Most heritage policies, officially adopted, encourage participatory heritage management by communities. You are likely to read the term in any heritage project nowadays, heck, even our page’s dedication is to it, yet the understanding and implications of the terms vary significantly.
To understand the imagined community try this process.
Think of your favourite/most notable heritage site. It might probably be a world heritage site.
Now think about how is it taught, used and promoted by the state(location)?
Is it acknowledged as a gift shared by all people, or does it advocate a part of the national agenda?
Politicians often run on a platform of cultural promotion proposing several heritage projects. Whether or not they come to be, governments will often use the terms participatory or “people engagement” in a cultural activity without comprehending their definition. Participatory heritage management stems from the people and follows a bottom-up approach.
The 2003 Intangible Cultural Heritage Convention cemented the use of participatory heritage management in all heritage. Unfortunately, raising issues spanning from definition, interpretation and practice in the political and institutional spheres to ownership and rights.
The context of heritage management calls for a local level-up method despite this, project instigation is often reversed, especially in world heritage sites. At Local Approach, we promote and bring level-up projects that are largely still a minority among the sector.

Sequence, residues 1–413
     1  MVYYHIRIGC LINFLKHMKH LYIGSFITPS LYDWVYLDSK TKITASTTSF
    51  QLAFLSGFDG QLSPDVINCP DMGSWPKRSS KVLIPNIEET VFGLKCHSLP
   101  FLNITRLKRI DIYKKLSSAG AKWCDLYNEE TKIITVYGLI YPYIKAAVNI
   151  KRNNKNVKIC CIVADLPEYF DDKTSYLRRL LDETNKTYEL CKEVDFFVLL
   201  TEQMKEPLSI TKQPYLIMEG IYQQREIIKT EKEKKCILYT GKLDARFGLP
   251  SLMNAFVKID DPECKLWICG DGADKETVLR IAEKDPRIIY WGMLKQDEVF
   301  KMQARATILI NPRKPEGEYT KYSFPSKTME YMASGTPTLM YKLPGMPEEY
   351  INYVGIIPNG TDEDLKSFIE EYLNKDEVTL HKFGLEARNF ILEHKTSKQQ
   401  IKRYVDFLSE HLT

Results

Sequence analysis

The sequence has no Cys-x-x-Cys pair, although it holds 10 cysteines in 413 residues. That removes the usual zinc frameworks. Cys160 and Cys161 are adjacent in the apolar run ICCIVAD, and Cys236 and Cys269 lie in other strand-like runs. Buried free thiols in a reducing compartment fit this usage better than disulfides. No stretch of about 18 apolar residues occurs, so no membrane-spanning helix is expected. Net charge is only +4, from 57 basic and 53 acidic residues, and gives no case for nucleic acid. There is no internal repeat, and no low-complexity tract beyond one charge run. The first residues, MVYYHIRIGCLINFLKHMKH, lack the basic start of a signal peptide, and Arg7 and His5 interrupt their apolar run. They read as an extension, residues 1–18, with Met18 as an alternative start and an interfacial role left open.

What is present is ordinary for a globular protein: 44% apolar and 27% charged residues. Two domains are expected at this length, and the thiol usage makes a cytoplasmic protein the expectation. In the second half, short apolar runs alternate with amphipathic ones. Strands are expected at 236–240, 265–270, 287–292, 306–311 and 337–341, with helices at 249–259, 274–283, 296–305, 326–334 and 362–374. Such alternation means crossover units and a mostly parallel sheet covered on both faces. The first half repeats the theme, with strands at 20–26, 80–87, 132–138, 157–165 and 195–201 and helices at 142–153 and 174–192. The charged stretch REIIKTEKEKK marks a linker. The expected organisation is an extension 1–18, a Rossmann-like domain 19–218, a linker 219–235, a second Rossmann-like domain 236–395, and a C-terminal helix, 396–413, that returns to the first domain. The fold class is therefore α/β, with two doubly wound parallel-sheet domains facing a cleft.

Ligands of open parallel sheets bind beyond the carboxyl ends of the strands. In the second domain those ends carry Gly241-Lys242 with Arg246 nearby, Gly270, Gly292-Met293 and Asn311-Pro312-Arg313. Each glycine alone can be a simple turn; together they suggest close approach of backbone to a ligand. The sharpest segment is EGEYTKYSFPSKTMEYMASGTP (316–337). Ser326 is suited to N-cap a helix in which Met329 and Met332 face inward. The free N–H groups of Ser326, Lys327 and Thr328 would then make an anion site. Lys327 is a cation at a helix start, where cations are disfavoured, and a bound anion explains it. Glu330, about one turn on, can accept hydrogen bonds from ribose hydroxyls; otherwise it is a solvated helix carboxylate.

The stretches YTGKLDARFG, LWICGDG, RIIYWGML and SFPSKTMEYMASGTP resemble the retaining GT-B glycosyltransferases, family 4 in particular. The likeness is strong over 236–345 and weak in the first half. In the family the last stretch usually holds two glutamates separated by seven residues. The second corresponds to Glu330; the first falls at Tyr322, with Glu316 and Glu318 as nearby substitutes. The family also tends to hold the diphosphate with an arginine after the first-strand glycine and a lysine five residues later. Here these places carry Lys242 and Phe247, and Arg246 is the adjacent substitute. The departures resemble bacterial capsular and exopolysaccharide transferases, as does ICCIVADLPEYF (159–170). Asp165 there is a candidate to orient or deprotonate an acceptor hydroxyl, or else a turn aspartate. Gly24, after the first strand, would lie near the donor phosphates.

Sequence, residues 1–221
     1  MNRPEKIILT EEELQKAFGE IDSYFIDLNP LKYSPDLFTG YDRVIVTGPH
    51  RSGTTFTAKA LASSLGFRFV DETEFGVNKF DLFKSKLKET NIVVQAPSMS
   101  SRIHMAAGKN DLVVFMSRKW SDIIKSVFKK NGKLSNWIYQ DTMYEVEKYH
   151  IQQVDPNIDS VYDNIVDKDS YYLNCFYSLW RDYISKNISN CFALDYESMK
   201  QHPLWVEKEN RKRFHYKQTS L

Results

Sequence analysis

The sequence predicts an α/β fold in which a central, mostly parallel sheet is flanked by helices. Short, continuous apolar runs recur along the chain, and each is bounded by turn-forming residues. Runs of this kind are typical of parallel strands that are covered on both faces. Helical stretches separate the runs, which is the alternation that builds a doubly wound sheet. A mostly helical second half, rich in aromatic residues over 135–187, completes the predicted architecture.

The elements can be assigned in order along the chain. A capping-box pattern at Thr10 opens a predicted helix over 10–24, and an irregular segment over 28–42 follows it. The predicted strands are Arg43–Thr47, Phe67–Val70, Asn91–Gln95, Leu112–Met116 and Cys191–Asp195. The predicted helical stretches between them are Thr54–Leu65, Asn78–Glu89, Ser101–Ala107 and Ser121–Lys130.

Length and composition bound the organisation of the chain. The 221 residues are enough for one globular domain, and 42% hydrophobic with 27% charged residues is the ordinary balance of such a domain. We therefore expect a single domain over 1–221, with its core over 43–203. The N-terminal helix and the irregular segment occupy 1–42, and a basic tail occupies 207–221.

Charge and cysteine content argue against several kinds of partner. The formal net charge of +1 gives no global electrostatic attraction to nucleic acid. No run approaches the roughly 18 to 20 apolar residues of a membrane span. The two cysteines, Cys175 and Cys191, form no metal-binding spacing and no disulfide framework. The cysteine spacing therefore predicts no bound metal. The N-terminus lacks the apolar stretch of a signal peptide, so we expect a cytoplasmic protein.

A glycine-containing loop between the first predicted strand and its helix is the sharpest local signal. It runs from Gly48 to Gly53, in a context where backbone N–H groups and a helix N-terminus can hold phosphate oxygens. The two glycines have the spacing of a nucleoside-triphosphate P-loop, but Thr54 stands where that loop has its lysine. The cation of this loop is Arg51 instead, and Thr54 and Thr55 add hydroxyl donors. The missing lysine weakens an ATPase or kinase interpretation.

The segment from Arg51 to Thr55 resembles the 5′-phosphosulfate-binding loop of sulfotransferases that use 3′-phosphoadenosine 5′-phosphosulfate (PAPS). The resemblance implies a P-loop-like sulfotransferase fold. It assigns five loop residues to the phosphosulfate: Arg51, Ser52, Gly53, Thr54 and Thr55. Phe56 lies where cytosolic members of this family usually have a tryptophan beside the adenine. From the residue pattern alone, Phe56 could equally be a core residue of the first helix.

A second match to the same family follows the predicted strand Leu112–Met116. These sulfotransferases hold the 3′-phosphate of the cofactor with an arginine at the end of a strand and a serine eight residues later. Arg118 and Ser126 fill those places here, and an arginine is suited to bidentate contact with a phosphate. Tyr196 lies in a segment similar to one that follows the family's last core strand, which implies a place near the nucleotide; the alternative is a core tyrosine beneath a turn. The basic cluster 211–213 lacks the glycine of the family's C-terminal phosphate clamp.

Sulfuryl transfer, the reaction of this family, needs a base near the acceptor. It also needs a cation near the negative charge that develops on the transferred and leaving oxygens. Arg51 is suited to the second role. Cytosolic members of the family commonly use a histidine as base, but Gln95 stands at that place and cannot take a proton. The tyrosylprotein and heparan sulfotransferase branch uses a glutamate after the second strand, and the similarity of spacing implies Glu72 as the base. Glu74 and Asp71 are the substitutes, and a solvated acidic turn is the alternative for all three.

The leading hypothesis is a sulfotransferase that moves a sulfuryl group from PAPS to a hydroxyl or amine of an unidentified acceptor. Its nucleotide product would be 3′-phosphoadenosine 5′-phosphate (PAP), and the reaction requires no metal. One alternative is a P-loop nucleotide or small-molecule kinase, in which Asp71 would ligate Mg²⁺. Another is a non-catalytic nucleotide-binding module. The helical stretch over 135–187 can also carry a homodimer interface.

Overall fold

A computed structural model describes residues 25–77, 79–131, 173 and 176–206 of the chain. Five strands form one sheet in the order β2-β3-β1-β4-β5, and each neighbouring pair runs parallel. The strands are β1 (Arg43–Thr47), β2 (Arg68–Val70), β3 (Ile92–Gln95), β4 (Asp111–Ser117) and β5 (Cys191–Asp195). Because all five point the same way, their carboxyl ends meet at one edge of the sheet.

To clarify, think of the best and most known internationally museum you have visited. How are their services relatable and available to the immediate local community? Does the neighbouring community play any role in the management and decision-making?
( Our take )
Community participation, in the literal sense, is an effective strategy for planning and management. Individuals, the entire community or representatives(not political) of every group fostering a cultural heritage, tangible or intangible, should :
- initiate its protection and promotion
- be part of the decision-making process
- participate in management
- define the values, promotion and use.
These responsibilities are shared with local government, organisations and other local stakeholders. In return, they create a unified view, sustainable management and incentives for use, promotion and economic growth.
In reality, the state will call for a project and assemble a team of heritage professionals, anthropologists, archaeologists, architects, communicators, etc. This process ought to include reaching out to the community to gather their views, values and vision, and then work together with all or a team of representatives.
The process is often left out due to deeming community participation bureaucratic or time-consuming, or hard to build engagement, trust and unified decision-making. Thanks to technology, communication and investigative research are easily accessible, thus bypassing any concerns.
Whether you are an individual or heritage manager, you should ensure your local heritage’s management includes the community. Both the state and individuals should seek to achieve participatory heritage management. Considering we keep our treasures safe for the future, shouldn’t it be the best there is?
I want to learn more:
Unpacking “Participation”: models, meanings and practices, 2008 by Andrea Cornwall
PS: “just shower thoughts” Nero’s political agenda run on an arts and culture platform